Updated: Jan 8, 2020
As we approach the end of 2019 we are fortunate to live in a time where attitudes towards sexuality and expression of sex are a lot more liberated and relaxed than ever before. In this article we are going to be talking a little bit about the use of sex toys by men and women and how attitudes to their use has changed.
It is true that there has been evidence found of sex toys potentially being used by even very early man! Sex is such a primal, basic instinct that it is of no great surprise that even our earliest ancestors felt the need to pleasure themselves or others with their own makeshift adult toys.
Whether the use of improvised sex toys by our ancestors was approved of or frowned upon, is something we cannot comment on. However, we do know that over the course of the last 100 years attitudes have changed greatly.
Vibrators were developed in the late 19th Century and originally used as treatment offered by the medical professionals of the time to treat 'hysterical' women. The premise was that if these women achieved sexual release in the form of orgasm via vibrational stimulation, then they would be cured of each and every ailment they were currently afflicted by.
Throughout the 20th century vibrators continued to be used as a medical aid for women but soon became more mainstream in their use. By the middle of the century it was infact quite common place for women to own a form of body massager which they may use to achieve a clitoral orgasm.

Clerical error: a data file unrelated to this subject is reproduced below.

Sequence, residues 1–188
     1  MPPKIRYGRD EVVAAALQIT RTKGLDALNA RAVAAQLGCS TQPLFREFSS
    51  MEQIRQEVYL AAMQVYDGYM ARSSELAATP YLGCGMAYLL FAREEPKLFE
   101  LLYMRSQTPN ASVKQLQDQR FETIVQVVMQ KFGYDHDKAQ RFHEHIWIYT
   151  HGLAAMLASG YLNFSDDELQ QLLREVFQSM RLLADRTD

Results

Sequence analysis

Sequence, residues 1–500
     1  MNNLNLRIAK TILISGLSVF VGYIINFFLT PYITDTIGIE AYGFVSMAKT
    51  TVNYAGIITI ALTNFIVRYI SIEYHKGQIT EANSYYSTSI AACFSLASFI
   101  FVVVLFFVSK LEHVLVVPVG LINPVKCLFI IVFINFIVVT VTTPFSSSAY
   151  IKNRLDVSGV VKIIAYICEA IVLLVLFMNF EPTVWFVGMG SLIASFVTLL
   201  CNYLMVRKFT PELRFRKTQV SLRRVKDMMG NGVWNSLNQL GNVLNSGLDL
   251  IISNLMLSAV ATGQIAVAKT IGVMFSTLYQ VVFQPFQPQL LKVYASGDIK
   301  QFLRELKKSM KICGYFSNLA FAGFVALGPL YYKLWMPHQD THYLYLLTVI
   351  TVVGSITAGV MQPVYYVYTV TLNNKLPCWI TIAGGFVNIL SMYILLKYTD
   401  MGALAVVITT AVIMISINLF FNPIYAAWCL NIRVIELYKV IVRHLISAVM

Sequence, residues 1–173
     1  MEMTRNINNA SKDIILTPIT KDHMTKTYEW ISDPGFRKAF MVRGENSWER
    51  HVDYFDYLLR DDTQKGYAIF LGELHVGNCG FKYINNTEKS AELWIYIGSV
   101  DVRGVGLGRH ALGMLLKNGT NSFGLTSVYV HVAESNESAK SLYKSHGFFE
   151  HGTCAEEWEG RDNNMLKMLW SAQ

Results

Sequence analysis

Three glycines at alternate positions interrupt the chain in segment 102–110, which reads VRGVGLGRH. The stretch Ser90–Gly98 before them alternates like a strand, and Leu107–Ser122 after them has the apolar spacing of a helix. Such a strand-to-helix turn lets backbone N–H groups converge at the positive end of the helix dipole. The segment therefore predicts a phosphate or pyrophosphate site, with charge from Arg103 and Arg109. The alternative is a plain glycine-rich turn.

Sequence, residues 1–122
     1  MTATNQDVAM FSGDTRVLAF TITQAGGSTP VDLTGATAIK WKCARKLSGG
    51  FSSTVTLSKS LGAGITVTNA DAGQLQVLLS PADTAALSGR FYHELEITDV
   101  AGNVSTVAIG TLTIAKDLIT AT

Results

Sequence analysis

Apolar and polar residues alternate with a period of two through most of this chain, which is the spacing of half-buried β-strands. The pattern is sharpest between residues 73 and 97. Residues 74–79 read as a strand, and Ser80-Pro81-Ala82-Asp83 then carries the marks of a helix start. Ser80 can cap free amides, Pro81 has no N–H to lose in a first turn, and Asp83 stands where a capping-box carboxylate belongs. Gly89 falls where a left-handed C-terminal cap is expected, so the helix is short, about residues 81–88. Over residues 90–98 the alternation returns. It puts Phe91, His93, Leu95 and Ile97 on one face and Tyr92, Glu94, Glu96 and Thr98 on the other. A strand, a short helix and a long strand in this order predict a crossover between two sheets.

Attitudes towards sex were much more relaxed in the years after the 2nd World War in part due to the flower power/free love era of the 1960's and this would have been an era of more sexual experimentation with adult toys or sex toys.
Sex toys have become increasingly sophisticated over the last 50 years. More realistic materials for both men and women to use have made them increasingly more authentic and closer to the real thing - e.g. male masturbators for men which resemble the vaginal cavity.
Throughout the 20th century there was a gradual increase in the ways in which men and women acted and spoke about their sexuality and their desires to self pleasure.
Attitudes to masturbation is actually quite an interesting topic to discuss. A lot of opinions where self pleasure was frowned upon, were liable to have been formed as a consequence of religious ideas.
Chastity belts were a concept dreamt up by the church to prevent women from having sex - presumably outside of marriage. They would also have prevented masturbation indulgencies too - even though large silicone dongs and massive silicone dildos had yet to be invented!
Young adult men were also fitted with makeshift gadgets designed to prevent them from self pleasure - one such item would sound a bell warning parents that their son was touching themselves so they could intervene and no doubt offer an exhaustive lecture of the dangers of sin.
Religion has been and to some degree still is, one of the main forces which has shaped the ways in which people view self pleasure. Many religions state that masturbation is unholy, that it is the path to evil. One such anecdote stated that when a woman is touching her clitoris she is infact ringing the devils doorbell!
These notions sound quite laughable but they have no doubt scared and controlled many sexually frustrated adults in the past.